Because this unusual point of view about diversity is the only one thing which distinguish this movie from any other, and because it was also the most commented aspects of the movie when it was created, it is probably the main reason for its success. In Europe especially, the regional issues are not only related to current differences but also to a disturbed History which gave to each region its own identity. For example, there are no two regions there which have never been ennemies many times during past wars. Climate, landscapes, language, food, architectur or customs can change very deeply from one region to another, and emphasize the different aspects of land that people want to be related to.

Another hypothesis can be that people are likely to appreciate a movie which maintains and furthermore caricatures some stereotypes. Beyond the fact that it is often a pattern to provide a funny plot, and that funny plots are among the most successful, caricature also give landmarks and references to order our environment and to understand our position. It is also a way to emphasize our own culture by decreasing other culture's reputation. For these reasons, people may appreciete caricature even if they are not fair, unreal or misrespectful. Bienvenue Chez les Ch'tis success is a quite significant example for this.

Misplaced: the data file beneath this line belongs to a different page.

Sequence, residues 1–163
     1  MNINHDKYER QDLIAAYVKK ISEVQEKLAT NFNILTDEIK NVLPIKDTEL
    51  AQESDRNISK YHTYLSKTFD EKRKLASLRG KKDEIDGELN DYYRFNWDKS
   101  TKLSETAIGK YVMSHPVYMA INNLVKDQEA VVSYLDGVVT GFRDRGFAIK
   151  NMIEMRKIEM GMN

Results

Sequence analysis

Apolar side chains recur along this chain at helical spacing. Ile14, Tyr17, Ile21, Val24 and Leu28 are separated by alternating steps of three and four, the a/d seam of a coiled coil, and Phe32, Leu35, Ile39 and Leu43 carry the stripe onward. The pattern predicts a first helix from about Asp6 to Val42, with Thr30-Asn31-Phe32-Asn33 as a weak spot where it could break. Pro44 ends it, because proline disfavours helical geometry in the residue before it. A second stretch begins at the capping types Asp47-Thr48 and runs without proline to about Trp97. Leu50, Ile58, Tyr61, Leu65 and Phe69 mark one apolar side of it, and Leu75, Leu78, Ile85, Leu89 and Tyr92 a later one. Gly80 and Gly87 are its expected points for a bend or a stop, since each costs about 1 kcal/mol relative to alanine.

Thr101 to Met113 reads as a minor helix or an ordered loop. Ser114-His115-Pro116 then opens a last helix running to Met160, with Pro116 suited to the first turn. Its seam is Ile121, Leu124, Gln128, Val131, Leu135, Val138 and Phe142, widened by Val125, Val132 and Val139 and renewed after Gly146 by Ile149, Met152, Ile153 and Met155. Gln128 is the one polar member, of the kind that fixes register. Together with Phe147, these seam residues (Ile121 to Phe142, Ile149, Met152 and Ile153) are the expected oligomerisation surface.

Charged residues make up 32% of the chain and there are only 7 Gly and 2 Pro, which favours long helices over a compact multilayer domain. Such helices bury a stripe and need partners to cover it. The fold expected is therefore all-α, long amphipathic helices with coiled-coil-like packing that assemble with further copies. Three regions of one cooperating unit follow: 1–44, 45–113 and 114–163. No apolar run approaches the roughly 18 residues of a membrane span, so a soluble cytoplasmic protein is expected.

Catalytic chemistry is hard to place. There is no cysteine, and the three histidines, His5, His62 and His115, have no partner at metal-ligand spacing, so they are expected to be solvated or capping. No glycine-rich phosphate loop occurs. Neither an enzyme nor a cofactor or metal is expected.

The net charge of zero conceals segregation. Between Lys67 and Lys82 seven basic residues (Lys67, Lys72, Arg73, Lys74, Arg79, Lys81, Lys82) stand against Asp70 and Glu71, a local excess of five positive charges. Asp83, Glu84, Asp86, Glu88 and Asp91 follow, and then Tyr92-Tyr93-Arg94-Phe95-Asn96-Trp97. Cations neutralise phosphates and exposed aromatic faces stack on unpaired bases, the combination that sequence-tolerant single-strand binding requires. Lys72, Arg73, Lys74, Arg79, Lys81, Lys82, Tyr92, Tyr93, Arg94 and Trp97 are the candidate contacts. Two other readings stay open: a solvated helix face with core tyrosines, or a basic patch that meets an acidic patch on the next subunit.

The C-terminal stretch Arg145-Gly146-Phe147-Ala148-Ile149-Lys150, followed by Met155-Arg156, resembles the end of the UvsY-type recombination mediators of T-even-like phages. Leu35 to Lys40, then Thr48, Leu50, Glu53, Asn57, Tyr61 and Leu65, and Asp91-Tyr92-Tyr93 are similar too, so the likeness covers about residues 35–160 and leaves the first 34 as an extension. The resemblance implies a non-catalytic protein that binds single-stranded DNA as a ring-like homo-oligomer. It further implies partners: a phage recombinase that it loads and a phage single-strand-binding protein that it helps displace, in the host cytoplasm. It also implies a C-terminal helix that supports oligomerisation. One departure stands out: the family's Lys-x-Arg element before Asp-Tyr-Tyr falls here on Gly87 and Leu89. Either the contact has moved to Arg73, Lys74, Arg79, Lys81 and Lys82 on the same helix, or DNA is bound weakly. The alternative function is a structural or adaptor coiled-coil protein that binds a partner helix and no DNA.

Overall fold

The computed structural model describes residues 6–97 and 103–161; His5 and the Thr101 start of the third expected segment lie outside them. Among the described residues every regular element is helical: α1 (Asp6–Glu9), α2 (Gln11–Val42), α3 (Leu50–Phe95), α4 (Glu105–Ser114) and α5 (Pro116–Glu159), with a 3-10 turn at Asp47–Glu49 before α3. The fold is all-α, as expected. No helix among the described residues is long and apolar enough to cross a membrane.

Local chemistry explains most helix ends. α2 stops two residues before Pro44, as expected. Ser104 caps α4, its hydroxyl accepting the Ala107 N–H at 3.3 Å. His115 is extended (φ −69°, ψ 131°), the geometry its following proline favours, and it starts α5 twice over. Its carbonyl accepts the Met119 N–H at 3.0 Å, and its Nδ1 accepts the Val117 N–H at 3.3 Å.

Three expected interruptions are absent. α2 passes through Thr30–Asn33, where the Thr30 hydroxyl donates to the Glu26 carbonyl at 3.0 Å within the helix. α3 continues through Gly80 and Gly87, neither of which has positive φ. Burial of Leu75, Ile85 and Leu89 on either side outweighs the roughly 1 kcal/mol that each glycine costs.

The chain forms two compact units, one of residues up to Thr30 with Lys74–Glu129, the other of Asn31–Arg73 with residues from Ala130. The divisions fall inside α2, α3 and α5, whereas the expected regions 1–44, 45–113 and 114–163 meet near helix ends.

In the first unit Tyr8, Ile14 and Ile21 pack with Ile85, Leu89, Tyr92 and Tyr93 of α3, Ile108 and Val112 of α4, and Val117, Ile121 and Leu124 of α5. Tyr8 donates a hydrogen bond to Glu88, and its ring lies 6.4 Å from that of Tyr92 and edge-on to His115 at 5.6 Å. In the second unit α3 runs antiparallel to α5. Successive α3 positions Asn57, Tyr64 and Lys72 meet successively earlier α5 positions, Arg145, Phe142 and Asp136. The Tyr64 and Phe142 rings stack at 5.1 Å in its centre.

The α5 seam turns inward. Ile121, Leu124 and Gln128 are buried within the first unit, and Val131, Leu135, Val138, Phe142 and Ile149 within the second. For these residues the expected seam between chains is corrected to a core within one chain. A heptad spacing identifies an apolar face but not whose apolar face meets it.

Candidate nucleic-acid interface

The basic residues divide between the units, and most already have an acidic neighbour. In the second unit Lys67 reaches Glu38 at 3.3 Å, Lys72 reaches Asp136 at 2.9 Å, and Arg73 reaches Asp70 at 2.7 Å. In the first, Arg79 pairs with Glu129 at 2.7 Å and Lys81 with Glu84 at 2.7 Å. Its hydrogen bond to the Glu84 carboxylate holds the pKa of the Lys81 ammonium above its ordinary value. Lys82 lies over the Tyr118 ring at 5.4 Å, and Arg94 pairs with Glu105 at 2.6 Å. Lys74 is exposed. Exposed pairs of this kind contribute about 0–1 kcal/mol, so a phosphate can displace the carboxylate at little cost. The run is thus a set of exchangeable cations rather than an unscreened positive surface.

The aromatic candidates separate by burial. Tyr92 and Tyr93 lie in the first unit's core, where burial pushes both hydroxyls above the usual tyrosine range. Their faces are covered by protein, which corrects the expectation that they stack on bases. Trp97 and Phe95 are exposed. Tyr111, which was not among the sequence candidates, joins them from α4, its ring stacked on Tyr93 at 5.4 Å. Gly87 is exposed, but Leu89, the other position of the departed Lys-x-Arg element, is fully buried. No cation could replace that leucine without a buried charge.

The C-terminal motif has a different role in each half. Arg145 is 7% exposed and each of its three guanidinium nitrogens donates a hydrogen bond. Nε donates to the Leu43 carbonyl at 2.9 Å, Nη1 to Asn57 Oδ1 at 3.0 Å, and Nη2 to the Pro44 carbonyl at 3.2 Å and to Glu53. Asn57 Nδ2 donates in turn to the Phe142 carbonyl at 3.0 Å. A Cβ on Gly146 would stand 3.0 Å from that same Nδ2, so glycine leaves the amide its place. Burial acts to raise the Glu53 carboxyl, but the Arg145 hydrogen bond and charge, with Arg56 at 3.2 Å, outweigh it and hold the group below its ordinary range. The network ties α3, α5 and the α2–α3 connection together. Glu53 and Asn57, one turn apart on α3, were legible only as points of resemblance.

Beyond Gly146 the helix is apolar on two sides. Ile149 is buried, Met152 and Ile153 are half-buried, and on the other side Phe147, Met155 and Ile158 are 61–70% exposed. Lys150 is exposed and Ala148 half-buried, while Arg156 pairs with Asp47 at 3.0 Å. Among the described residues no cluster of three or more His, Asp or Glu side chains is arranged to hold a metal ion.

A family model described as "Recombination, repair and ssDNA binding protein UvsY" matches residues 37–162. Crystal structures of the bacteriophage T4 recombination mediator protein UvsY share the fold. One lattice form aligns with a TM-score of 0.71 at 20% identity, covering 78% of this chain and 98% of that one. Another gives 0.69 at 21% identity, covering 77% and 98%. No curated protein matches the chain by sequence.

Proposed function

However, most of cinema producers, directors and actors are officially involved in fights to improve the society, which includes sometimes to fight against stereotypes. Plenty of current movies are part of this: Forget former ideas about people, establish new views on the world which are more realistic and more friendly.

The question now is: Will the cinema industry keep fighting against stereotypes, or will it yield to the temptation of business? Will it produce a movie full of stereotypes in order to raise more money, or will it accept to teach people other views on the society even if they are less likely to pay for this?

Welcome to the Sticks will also probably be a great experience to measure the atmosphere among American states mindset, from Hawaii to North Dakota. As soon as the movie will arrive in American cinema theaters, its ability to attract spectators and the way it will be criticized or applaused will reveal a little bit of what people think about their land, the place where they live and their relation with other regions. These considerations about regional diversity througout the media are likely to improve social understanding, since they reveal people's yearnings and feelings about themselves and their neighbors.

[1]Trailer with English subtitles available there: